ST. PETERSBURG, Fla. — Is it a Chinese weather balloon or spy balloon? The other question you might be asking: Where is the balloon heading?
While I can't answer the first question — China claims it's a weather research "airship" while the Pentagon pushed back that it's being used for surveillance purposes — I will attempt to answer the second.
But please understand that it is using a lot of estimations, therefore the likely outcome may be slightly different.
This all depends on the wind speed and direction at the atmospheric height of the balloon. Using NOAA's HYSPLIT model, we can get a rough idea of where the balloon is heading using weather model wind speed forecasting.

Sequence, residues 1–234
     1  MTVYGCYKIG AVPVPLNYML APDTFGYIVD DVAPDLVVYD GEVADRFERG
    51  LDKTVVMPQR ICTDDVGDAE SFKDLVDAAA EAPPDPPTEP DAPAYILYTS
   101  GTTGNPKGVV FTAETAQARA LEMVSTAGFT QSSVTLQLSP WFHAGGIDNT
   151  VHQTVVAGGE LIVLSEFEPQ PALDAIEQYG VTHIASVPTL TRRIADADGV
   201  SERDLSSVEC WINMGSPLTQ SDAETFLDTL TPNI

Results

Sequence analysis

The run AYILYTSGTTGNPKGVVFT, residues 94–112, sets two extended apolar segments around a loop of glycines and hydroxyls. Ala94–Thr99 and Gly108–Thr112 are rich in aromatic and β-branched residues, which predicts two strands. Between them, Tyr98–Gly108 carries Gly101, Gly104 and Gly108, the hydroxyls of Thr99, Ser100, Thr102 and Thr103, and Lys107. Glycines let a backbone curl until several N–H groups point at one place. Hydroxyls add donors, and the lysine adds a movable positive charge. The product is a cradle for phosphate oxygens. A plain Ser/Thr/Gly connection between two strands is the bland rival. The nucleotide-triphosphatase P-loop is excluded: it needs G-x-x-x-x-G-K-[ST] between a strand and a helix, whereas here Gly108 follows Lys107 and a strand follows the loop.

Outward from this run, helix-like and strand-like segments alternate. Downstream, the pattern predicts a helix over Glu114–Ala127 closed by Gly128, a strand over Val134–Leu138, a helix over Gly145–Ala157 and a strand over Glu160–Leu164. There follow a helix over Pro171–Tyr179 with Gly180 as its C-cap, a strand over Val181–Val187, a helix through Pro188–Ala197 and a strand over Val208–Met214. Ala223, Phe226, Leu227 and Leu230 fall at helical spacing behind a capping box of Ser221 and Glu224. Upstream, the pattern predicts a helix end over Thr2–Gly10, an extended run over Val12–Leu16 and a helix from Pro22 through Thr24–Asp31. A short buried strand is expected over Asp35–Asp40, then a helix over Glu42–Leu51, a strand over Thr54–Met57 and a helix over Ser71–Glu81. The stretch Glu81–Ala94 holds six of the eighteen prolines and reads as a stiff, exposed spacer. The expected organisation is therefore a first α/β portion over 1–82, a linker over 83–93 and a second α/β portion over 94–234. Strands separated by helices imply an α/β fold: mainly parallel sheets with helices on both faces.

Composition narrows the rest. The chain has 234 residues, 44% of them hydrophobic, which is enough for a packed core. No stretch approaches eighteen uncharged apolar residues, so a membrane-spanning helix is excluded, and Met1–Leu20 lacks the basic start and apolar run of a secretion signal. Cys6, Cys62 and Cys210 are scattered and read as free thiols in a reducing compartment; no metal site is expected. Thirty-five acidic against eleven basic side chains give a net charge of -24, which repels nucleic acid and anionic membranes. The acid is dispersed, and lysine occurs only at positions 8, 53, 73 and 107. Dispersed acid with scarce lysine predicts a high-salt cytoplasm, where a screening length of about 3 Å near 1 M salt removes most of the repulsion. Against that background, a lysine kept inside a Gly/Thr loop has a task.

For the model analysis, I used 20,000 meters above Billings, Montana, midday Thursday as the starting point for the model run. Billings was the last slighting of the balloon, and I'm also assuming the balloon is near 60,000 feet above the surface, according to one report.
The trajectory run shows the balloon heading southeast Friday across the Plains into Nebraska —then Saturday moving toward Missouri into Tennessee. After that, it makes a turn east toward the Carolinas before heading out over the Atlantic by the end of the weekend.
This makes sense with a large trough and polar airmass over the Great Lakes and Northeast. So on the west side of the upper-level trough, winds will be moving from the northwest to the southeast, moving the balloon in that direction. Then it will reach the bottom of the trough turning it more easterly.
So no, the weather balloon will likely not pass over Florida this weekend. But if the Chinese can steer the balloon — U.S. officials say it is maneuverable — then the trajectory could change significantly.